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J Neurosci Res. 2016 Feb;94(2):161-9. doi: 10.1002/jnr.23682. Epub 2015 Oct 22.

Differential vascular permeability along the forebrain ventricular neurogenic niche in the adult murine brain.

Author information

1
Departmento de Biología Celular y Fisiología, Instituto de Investigaciones Biomédicas, Universidad Nacional Autónoma de México, Ciudad Universitaria, México D.F., Ciudad de México, México.
2
Programa de Doctorado en Ciencias Biomédicas, Universidad Nacional Autónoma de México, Ciudad Universitaria, México D.F., Ciudad de México, México.
3
Coordinación de Psicobiología, Facultad de Psicología, Universidad Nacional Autónoma de México, Ciudad Universitaria, México D.F., Ciudad de México, México.

Abstract

Adult neurogenesis is influenced by blood-borne factors. In this context, greater or lesser vascular permeability along neurogenic niches would expose differentially neural stem cells (NSCs), transit amplifying cells (TACs), and neuroblasts to such factors. Here we evaluate endothelial cell morphology and vascular permeability along the forebrain neurogenic niche in the adult brain. Our results confirm that the subventricular zone (SVZ) contains highly permeable, discontinuous blood vessels, some of which allow the extravasation of molecules larger than those previously reported. In contrast, the rostral migratory stream (RMS) and the olfactory bulb core (OBc) display mostly impermeable, continuous blood vessels. These results imply that NSCs, TACs, and neuroblasts located within the SVZ are exposed more readily to blood-borne molecules, including those with very high molecular weights, than those positioned along the RMS and the OBc, subregions in which every stage of neurogenesis also takes place. These observations suggest that the existence of specialized vascular niches is not a precondition for neurogenesis to occur; specialized vascular beds might be essential for keeping high rates of proliferation and/or differential differentiation of neural precursors located at distinct domains.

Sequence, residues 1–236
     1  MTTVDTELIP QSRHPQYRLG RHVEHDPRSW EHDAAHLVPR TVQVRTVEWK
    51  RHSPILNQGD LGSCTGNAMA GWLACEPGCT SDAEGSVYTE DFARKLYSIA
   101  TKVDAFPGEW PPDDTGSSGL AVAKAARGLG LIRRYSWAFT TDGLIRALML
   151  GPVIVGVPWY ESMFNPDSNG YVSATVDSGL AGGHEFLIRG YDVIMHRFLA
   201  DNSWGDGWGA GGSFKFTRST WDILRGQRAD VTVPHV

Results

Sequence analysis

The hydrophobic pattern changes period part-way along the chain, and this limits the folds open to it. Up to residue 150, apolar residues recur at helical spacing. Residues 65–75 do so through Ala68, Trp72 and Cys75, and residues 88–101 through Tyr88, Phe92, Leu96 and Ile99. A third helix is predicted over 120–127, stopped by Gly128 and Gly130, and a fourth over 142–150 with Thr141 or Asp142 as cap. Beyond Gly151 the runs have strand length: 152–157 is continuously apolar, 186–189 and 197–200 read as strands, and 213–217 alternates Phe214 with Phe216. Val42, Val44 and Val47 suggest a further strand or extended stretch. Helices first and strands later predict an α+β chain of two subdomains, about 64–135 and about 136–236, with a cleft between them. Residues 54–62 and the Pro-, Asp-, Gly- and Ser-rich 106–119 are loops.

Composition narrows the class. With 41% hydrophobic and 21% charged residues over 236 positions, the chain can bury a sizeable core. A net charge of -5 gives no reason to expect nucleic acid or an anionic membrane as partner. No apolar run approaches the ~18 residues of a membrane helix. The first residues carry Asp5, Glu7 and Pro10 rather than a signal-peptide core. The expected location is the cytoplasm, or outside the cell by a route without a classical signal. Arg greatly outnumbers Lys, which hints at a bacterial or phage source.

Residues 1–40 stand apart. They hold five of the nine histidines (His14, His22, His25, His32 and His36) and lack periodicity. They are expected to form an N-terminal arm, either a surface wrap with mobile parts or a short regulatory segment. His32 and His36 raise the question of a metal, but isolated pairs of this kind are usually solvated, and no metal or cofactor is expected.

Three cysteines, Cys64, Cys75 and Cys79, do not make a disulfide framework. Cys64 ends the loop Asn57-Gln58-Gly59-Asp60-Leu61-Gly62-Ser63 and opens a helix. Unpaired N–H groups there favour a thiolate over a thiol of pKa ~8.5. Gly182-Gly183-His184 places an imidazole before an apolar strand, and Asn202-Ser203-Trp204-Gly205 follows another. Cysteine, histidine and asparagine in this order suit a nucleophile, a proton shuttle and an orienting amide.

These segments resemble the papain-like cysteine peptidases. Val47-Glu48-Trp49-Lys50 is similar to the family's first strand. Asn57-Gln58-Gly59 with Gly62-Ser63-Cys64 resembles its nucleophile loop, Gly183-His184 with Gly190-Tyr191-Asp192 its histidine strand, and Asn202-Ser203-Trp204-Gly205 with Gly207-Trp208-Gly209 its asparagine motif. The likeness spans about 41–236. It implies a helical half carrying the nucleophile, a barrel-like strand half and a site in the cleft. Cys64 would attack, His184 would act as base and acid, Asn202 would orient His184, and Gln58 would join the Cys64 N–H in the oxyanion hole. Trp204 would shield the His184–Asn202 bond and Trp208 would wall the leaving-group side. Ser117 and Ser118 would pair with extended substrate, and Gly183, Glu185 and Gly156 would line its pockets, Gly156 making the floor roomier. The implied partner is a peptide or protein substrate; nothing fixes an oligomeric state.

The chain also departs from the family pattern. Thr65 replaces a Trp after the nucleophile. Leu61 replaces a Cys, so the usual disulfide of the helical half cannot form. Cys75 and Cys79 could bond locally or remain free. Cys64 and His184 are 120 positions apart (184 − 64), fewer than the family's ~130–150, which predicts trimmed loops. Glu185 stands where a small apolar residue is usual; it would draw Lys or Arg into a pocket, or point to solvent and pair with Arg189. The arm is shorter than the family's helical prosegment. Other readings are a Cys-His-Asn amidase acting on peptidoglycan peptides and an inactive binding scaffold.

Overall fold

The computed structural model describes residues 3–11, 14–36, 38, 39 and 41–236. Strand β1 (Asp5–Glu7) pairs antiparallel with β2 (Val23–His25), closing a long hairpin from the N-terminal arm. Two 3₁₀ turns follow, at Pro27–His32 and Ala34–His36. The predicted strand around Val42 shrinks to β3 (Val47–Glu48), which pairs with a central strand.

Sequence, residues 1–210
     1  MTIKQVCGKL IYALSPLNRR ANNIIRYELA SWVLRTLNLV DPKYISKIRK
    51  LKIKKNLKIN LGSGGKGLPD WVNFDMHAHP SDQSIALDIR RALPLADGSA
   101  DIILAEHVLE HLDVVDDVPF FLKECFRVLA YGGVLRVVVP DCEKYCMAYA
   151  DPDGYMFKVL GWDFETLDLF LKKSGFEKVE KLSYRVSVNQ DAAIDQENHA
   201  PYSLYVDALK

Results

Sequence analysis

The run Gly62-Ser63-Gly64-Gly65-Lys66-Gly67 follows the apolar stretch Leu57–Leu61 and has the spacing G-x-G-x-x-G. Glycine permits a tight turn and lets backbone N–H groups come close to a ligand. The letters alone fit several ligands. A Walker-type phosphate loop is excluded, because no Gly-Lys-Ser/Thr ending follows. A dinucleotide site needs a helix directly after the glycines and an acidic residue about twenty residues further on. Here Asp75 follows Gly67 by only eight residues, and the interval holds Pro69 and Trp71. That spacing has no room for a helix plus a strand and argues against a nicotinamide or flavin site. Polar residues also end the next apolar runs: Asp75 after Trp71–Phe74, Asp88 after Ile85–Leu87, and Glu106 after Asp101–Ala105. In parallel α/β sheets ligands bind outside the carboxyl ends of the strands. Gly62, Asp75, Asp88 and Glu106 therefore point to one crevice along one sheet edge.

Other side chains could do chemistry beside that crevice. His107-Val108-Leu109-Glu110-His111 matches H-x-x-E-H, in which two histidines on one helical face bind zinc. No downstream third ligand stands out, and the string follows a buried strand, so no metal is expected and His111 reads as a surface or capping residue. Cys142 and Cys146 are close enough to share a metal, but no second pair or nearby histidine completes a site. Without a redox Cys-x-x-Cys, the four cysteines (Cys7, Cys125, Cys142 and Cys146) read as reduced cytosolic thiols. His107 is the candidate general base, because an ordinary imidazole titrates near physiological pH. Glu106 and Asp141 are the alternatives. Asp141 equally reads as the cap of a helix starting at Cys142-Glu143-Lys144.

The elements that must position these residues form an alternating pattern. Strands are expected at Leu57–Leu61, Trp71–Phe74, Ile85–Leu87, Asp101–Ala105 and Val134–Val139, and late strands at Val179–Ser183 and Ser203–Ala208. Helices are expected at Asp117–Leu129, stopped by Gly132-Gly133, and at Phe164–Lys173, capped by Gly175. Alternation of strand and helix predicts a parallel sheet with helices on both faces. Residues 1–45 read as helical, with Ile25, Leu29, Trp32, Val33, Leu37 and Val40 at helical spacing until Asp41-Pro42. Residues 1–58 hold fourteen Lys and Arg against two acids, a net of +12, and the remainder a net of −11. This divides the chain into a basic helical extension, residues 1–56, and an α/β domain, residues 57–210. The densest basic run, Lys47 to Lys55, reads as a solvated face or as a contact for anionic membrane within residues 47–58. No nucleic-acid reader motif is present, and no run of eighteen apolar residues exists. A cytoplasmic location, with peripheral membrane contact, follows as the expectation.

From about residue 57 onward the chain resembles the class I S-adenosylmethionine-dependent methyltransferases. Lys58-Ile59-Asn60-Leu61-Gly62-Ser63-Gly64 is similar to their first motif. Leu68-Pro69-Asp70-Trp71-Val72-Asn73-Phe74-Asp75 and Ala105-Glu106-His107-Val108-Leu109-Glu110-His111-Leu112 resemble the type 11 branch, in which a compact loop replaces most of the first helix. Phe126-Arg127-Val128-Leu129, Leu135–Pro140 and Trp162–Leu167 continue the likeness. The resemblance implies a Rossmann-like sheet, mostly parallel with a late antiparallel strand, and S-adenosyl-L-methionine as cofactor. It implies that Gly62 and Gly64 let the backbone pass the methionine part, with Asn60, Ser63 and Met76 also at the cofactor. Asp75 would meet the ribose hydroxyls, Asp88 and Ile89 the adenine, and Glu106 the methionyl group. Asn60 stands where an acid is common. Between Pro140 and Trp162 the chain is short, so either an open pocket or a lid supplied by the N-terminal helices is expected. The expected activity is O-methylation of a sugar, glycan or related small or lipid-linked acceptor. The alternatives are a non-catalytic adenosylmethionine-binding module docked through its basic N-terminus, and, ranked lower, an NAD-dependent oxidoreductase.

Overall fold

KEYWORDS:

RRID:AB_2336202; RRID:AB_393571; RRID:RGD_2312511; adult neurogenesis; neurovascular niche; vascular permeability

PMID:
26492830
DOI:
10.1002/jnr.23682
[Indexed for MEDLINE]

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